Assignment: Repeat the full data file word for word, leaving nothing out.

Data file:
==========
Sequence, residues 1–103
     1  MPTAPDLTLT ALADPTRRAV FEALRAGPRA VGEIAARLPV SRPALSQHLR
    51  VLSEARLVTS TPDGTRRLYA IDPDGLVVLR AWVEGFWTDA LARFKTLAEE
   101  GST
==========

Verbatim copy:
Sequence, residues 1–103
     1  MPTAPDLTLT ALADPTRRAV FEALRAGPRA VGEIAARLPV SRPALSQHLR
    51  VLSEARLVTS TPDGTRRLYA IDPDGLVVLR AWVEGFWTDA LARFKTLAEE
   101  GST